Miseries of families with huge debts

Miseries of families with huge debts

Miseries of families with huge debts

First published in News

A SINGLE mum living hand to mouth on a shoestring has spoken of her despair as she struggles to pay £15,000 debts while bringing up a wayward teenager and his brother.

The 39-year-old, from Bewdley, is head of one of 3,521 Wyre Forest families now said to be living in "problem debt".

It is a trap that the Children's Society and StepChange Debt Charity say a total of 6,257 Wyre Forest children find themselves in, sometimes going without food, clothing or heating.

The mum-of-two, who does not wish to be identified, told how she had, at times, only pasta and a tin of baked beans to feed her sons, aged 16 and nine.

She had also resorted to food banks after eating their own cupboard dry of tins stockpiled during better times.

"I feel so down and lost," said the mother, whose financial problems stacked up after splitting from her partner and having to give up work because her older son was banned from school and in trouble with the police.

"Instead of asking for help early on I buried my head in the sand. My priority was to try and sort out my son and I let everything else drift."

The family lives in a three-bedroomed "shared ownership" semi, for which her ex partner pays the £500 a month mortgage and she gets £300 housing benefit for the rent. She ran up £6,000 debts on her credit card buying groceries and other items.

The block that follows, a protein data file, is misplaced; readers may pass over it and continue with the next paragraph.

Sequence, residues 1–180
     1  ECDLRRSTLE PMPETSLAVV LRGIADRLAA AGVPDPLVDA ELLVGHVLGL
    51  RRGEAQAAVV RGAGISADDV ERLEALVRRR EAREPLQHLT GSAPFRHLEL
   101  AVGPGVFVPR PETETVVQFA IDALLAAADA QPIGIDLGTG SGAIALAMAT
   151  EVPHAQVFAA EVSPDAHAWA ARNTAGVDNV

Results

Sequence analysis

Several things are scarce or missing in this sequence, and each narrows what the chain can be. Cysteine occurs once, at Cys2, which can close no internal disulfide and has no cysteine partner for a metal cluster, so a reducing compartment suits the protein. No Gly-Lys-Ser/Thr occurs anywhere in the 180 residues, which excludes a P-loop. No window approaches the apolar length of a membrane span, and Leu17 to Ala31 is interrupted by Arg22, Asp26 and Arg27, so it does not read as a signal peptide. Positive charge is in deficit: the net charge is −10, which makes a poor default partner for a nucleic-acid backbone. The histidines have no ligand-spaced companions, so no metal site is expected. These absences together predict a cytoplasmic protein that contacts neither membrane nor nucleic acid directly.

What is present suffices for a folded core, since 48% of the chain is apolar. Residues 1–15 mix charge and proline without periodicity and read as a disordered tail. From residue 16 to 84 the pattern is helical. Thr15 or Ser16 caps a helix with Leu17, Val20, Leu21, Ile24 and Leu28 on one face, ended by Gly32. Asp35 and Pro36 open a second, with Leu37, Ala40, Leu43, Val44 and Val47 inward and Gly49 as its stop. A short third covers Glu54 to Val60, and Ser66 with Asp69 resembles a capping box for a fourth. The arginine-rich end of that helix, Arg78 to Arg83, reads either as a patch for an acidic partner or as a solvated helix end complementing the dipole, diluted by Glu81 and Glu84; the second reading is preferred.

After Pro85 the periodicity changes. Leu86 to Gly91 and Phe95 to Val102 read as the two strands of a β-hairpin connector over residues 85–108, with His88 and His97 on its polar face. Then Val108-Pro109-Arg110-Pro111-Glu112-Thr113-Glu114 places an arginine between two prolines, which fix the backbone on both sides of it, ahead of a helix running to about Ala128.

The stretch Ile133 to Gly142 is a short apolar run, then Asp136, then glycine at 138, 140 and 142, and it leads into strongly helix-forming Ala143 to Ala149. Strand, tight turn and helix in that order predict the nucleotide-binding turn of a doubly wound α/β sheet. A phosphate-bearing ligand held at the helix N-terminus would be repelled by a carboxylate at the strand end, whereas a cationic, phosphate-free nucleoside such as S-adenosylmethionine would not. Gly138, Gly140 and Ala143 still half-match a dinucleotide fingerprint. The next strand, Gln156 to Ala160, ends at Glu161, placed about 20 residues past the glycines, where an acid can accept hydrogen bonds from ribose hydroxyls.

Then she landed herself with having to repay £3,500 in tax credits, to which she was entitled but which she should not have claimed after failing to fill in the renewal paperwork. She owes £2,300 in rent arrears and estimates her total debt at £15,000.

For a time she and the boys were living on £134 a month child benefit and £142 a fortnight employment support allowance.

Finally, the Department of Work and Pensions put her in touch with its EOS service, which is now helping her to negotiate repayment of her debts.

Wyre Forest Citizens Advice Bureau (CAB) is also supporting her to set up direct debits and get on top of her debts.

"The CAB has put together a letter for me to see if my tax credits debt can be reconsidered," said the mother.

She now receives £220 a month in benefits, although her outgoings are £230.

"Some weeks I still have to decide whether to not pay a bill or go without food," she said. "But I'm starting to be optimistic that there is light at the end of the tunnel."

The recent Children's Society and StepChange Debt Charity survey found that Wyre Forest has the largest family debt problem in Worcestershire.

Wyre Forest CAB warns that, although the Government has made good progress on the economy, with more people in work, wage growth is "negligible".

CAB manager Kate Bennett said: “In the last four months, 247 families came to Wyre Forest CAB about debt issues and the self-employed are more likely to become bankrupt, which is heartbreaking to have to deal with.

“As well as the threat of increasing interest rates, families will have problems with energy bills as we approach winter, just as energy companies are making increased profits thanks to the recent falls in wholesale prices and their failure to pass them on to consumers."

"More than 400 families have come to us about benefit problems and how they will manage we do not know."

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